Seeing Richard III’s prayers
Why do supporters want to see a new Richard III film adaptation with Richard Armitage in the leading role? You can vote on this question here. And if you haven’t signed the petition in favor of him doing it, you can still do that here.
It’s going to be the second summer in a row with no Europe for Servetus. I was there every summer from 1999-2010 (and much of the year in between, sometimes), so it still feels like an adjustment not to be rushing off to Frankfurt. I miss it, but at the same time, I’m not ridiculously sad. My family needs me, and Europe isn’t going away. I’ve got more than enough microfiche of books I’ve been working on to keep me happy for the present. Also, I have to say: not spending every summer going into financial deficit to do research has had a great impact on my pocketbook. For the first time in a decade, “impecunious” is an inaccurate descriptor for me. So, it’s not so bad not to be going.
However, one of the many fantastic things about European summers (apart from twilights that last forever, wonderful seasonal foods, especially berries, gorgeous landscapes, and the opportunity to delve into amazing centuries-old library collections) is the museum exhibits. Museum tourism is an important aspect of the European economy, and in summertime, big museums put on amazing shows with cultural and culinary and tourist programs organized around them. I only follow German announcements. My first stop this summer would be the Kulturhistorisches Museum in Magdeburg for the Sachsen-Anhalt Territorial Exhibit on Otto the Great (and then I’d try to find a friend who wanted to drive around and visit the many Romanesque churches in the area); that museum in particular has developed a strong reputation for exciting medieval exhibits. Also on my list for this summer would be the Bavarian Territorial Exhibit in Burghausen, on the shared history of Austria and Bavaria; the Germanisches National Museum in Nuremberg for an exhibit on the early Dürer; and if I were going to Berlin, I wouldn’t miss a the famous bust of Nefertiti at the Neues Museum in Berlin. I’d visit for a day or two of close looking, a great meal, and a wonderful walk around an interesting cityscape. And probably some local coffee and cake delicacies. The train system makes all but the Burghausen exhibit incredibly convenient to get to via rail.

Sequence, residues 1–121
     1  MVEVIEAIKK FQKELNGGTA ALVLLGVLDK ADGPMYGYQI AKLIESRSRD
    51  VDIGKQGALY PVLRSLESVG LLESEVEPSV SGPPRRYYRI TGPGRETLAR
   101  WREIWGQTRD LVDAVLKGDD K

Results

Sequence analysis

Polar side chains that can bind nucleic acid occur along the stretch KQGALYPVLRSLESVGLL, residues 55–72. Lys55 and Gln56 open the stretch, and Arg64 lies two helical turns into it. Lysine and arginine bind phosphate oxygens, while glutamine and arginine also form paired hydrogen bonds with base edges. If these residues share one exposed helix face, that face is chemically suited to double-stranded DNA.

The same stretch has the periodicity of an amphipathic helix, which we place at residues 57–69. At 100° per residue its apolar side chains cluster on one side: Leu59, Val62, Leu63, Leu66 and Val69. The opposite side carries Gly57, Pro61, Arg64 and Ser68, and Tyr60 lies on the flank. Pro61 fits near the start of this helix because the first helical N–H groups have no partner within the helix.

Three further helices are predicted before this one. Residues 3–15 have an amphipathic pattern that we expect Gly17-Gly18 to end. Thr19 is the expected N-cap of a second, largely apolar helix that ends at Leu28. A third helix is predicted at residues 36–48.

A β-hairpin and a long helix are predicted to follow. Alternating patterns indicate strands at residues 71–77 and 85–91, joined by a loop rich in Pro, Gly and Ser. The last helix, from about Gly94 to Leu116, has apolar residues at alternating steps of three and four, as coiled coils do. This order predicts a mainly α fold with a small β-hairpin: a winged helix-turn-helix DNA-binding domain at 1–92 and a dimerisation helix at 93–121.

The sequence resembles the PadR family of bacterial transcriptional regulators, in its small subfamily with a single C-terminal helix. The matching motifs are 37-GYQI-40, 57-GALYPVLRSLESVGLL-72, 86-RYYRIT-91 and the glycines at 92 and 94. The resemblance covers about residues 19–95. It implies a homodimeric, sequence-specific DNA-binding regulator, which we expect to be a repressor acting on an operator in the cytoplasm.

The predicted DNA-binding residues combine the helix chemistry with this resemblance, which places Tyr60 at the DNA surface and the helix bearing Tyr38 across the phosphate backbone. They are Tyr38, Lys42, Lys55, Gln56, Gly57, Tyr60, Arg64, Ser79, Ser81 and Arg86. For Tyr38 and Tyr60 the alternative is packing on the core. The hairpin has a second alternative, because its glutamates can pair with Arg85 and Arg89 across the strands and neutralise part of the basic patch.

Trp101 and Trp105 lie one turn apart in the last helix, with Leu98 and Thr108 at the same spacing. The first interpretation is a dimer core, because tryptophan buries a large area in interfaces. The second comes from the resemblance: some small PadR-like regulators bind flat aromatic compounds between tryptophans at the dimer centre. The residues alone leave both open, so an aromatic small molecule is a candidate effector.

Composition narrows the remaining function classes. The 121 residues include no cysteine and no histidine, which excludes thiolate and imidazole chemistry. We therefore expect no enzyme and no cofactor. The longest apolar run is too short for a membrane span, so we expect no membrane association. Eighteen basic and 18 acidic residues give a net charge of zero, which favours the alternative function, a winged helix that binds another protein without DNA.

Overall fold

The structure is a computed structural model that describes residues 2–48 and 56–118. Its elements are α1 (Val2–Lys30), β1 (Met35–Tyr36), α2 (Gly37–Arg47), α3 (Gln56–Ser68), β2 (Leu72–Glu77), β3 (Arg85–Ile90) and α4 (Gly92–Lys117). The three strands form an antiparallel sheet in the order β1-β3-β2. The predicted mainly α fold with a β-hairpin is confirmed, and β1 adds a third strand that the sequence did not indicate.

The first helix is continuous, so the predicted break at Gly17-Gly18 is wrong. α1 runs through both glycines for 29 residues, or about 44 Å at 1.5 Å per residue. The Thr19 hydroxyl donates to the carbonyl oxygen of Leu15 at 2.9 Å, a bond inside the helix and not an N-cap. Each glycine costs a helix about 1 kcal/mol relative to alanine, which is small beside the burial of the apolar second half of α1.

I don’t keep track of English exhibits because work doesn’t take me there all that often, but sometimes I fly via LHR or have to use the British Library and so I stop over. If I’m in England for a conference, of course, I definitely look for interesting possibilities. Frankly, for me the Olympics would make 2012 a summer to stay away from London, but I just saw a neat announcement today, at the Lambeth Palace Library (Lambeth Palace is the official residence of the Archbishop of Canterbury). It’s called “Royal Devotion: The Monarchy and the Book of Common Prayer,” and it runs from May 1 to July 14. The notice in The Guardian is here.
It’s an exhibit timed to run with the Diamond Jubilee of Elizabeth II this summer, and includes a bunch of materials associated with her coronation, but of course, the stuff that interests me is older. The Book of Common Prayer has been the authorized prayerbook of the Church of England since 1549 — and is the ultimate source of the text that we associate (for instance) with Gerry and Harry’s marriage ceremony in Vicar of Dibley. Think: “Thereto I give thee my troth” or “According to G-d’s holy ordinance”, both of which were published originally in the 1662 edition. Even the normally unromantic Servetus sighs when she hears those words. Lutherans where I grew up said a prosaic “I will,” and traditionally, Jewish brides don’t say anything — they’ve already signed a marriage contract by the time they get to the ceremony. Historians are interested in the texts of prayers and the liturgy not because of their dramatic value so much, however, but rather because the cultural and religious sentiment vested in them often caused political ferment when they were altered, and this pattern is nowhere clearer than in English history. Charles I went to the scaffold at least partially because of popular sentiment that developed against him in opposition to his support for the use of particular texts in the Book of Common Prayer; so this exhibit will display the gloves he wore to the scaffold (blood-spattered, the curator hopes), as well as his own personal revisions for some prayers.
Anyway, what I’d want to see is this:
(Yes, I know the copyediting of the online Guardian is egregious, though two typos in two sentences is extreme even for them. I forgive Latin typos, having made them myself, but it’s embarrassing when a publication purporting to be British can’t spell “Plantagenet” correctly.) I read about this book (officially known as Lambeth Palace Library MS 474) a few years ago for the first time when it was exhibited as part of the library’s 400th anniversary celebrations. Richard bought it used, and entered his own birthday into its calendar; you can see a picture of his entry here.
It’s also pretty:
The Annunciation of the Virgin Mary, from Richard III’s book of hours, folio 15, recto. Source: Lambeth Palace Library Digital Resources
Anyway, Servetus thinks that’s SO cool. If you’re in London, go see it!